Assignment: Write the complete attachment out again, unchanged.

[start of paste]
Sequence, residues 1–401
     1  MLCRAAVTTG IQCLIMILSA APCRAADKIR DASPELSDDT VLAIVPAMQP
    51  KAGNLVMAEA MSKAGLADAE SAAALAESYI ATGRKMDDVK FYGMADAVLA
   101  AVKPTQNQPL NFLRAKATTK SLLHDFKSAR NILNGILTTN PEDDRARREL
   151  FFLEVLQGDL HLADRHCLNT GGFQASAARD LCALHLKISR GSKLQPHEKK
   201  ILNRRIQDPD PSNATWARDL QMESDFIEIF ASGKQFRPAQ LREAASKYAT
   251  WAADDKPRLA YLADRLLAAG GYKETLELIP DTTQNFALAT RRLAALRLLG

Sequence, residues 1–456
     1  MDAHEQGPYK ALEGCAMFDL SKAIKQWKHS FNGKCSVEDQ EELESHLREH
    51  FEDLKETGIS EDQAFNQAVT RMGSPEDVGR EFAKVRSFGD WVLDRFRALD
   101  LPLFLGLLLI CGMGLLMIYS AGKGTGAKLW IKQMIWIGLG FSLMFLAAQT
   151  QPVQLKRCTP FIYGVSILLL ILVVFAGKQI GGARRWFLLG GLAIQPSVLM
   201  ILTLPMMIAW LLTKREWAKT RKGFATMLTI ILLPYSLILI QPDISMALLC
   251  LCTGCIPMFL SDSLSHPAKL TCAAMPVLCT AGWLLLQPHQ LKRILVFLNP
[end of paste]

Sequence, residues 1–401
     1  MLCRAAVTTG IQCLIMILSA APCRAADKIR DASPELSDDT VLAIVPAMQP
    51  KAGNLVMAEA MSKAGLADAE SAAALAESYI ATGRKMDDVK FYGMADAVLA
   101  AVKPTQNQPL NFLRAKATTK SLLHDFKSAR NILNGILTTN PEDDRARREL
   151  FFLEVLQGDL HLADRHCLNT GGFQASAARD LCALHLKISR GSKLQPHEKK
   201  ILNRRIQDPD PSNATWARDL QMESDFIEIF ASGKQFRPAQ LREAASKYAT
   251  WAADDKPRLA YLADRLLAAG GYKETLELIP DTTQNFALAT RRLAALRLLG

Sequence, residues 1–456
     1  MDAHEQGPYK ALEGCAMFDL SKAIKQWKHS FNGKCSVEDQ EELESHLREH
    51  FEDLKETGIS EDQAFNQAVT RMGSPEDVGR EFAKVRSFGD WVLDRFRALD
   101  LPLFLGLLLI CGMGLLMIYS AGKGTGAKLW IKQMIWIGLG FSLMFLAAQT
   151  QPVQLKRCTP FIYGVSILLL ILVVFAGKQI GGARRWFLLG GLAIQPSVLM
   201  ILTLPMMIAW LLTKREWAKT RKGFATMLTI ILLPYSLILI QPDISMALLC
   251  LCTGCIPMFL SDSLSHPAKL TCAAMPVLCT AGWLLLQPHQ LKRILVFLNP